Exporting to China is difficult for many reasons, including the following:
- China’s sluggish economic growth: As of 2015, China’s economic growth rate of was at its lowest rate in more than a quarter century; real GDP growth decelerated to 6.9%.
- The Chinese government’s efforts to shift the economy from one based on manufacturing to one based on services.
- An unclear timeframe for these announced reforms.
- New laws, regulations and other measures that called into question the openness of China’s investment regime.
U.S. exporters cite “inconsistent regulatory interpretation and unclear laws” as the biggest challenge to doing business in China. They also cite labor costs; obtaining required licenses; hiring and retaining qualified employees; industrial overcapacity; increasing protectionism; corruption; taxes; and lax enforcement and protection of intellectual property rights.
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Intellectual Property Issues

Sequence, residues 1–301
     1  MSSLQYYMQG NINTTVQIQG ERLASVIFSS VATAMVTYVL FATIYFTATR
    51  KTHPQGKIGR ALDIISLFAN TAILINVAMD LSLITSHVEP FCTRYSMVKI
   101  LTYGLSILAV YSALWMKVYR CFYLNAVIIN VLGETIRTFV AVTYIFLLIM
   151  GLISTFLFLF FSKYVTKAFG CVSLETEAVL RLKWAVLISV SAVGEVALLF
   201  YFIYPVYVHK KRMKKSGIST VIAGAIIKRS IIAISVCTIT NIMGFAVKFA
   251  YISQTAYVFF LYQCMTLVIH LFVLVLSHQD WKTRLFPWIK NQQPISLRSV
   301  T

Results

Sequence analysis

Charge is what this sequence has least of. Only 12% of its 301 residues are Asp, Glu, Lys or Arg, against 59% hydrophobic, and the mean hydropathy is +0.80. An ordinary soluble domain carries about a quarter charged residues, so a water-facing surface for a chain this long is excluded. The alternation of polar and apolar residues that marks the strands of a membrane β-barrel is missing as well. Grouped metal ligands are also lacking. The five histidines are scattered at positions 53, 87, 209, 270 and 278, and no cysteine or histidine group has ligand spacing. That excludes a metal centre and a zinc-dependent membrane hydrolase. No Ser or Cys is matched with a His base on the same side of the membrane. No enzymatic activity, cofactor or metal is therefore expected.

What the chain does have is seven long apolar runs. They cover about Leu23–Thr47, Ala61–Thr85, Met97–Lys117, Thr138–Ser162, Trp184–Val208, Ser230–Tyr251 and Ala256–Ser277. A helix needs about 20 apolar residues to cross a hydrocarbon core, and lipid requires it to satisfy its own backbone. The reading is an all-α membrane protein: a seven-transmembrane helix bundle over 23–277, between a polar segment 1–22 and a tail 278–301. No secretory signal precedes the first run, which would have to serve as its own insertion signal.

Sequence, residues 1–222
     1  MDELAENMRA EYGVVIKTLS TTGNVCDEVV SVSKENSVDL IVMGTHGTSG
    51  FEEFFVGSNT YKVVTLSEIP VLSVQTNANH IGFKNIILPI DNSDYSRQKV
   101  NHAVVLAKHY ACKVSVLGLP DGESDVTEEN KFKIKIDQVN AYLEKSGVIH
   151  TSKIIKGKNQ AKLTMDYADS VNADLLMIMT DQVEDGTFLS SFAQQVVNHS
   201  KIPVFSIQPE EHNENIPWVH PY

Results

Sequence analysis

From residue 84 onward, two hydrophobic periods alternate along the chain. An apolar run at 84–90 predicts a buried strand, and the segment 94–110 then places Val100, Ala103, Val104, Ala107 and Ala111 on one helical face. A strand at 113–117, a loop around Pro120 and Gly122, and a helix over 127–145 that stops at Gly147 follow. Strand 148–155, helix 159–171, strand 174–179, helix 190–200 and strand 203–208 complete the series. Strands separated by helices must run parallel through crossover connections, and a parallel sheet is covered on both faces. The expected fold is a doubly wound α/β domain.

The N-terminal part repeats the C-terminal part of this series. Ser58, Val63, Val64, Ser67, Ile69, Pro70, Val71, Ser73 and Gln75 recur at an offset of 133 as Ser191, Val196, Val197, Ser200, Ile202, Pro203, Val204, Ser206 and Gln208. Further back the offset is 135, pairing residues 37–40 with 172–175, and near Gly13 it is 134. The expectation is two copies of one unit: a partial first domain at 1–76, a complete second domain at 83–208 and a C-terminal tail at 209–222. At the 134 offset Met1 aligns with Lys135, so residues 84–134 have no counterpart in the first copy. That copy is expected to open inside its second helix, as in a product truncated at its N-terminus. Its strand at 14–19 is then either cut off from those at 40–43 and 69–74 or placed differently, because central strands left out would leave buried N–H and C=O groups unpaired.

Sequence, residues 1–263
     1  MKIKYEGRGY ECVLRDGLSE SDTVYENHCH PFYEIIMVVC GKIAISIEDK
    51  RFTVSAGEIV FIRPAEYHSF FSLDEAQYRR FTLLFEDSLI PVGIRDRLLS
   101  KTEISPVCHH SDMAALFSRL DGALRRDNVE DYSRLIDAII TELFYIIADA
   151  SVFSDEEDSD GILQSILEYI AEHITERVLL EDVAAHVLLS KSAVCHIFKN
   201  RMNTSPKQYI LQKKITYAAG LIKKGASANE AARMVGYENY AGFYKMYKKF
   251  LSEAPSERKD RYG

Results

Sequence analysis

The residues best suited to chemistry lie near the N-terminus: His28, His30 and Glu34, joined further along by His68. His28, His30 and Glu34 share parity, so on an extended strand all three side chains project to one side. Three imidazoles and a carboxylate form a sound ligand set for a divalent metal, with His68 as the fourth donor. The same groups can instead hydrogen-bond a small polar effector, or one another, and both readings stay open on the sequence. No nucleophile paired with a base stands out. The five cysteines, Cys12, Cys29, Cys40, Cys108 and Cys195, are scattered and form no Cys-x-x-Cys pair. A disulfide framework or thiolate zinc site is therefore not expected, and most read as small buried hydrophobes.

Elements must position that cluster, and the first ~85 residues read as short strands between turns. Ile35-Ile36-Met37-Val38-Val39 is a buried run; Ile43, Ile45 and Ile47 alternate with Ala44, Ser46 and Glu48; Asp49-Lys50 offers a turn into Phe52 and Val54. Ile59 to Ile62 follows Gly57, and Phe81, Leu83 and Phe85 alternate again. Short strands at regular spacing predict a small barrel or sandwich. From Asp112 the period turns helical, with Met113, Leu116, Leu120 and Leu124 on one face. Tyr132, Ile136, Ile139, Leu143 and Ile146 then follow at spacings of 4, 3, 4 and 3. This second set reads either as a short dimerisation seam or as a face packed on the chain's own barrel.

In spite of progress towards improving its intellectual property legal and regulatory regime, China continues to be a challenging environment for Intellectual Property Rights protection and enforcement; China’s intellectual property (IP) issues are rampant and well-documented.
IP holders exporting to China must understand how to protect their IP under Chinese law before entering the market, and they should conduct thorough due diligence on potential partners or buyers before entering into any transaction. To learn more about how your company can protect its intellectual property in China, visit Stopfakes.gov. You can also refer to the summary of the programs available through the U.S. Department of Commerce to help U.S. firms develop an intellectual property strategy plan.
Rules and Regulations in China
As previously mentioned, deciphering the many (often conflicting) Chinese rules and regulations can be frustrating in the least and, at worst, cause issues that force an exporter to stop trade to the country completely.
There are ways to combat these issues:
- Work closely with your local U.S. Commercial Service office. They will link you to offices in China that will help you establish your presence in China and assist you through difficulties you may face.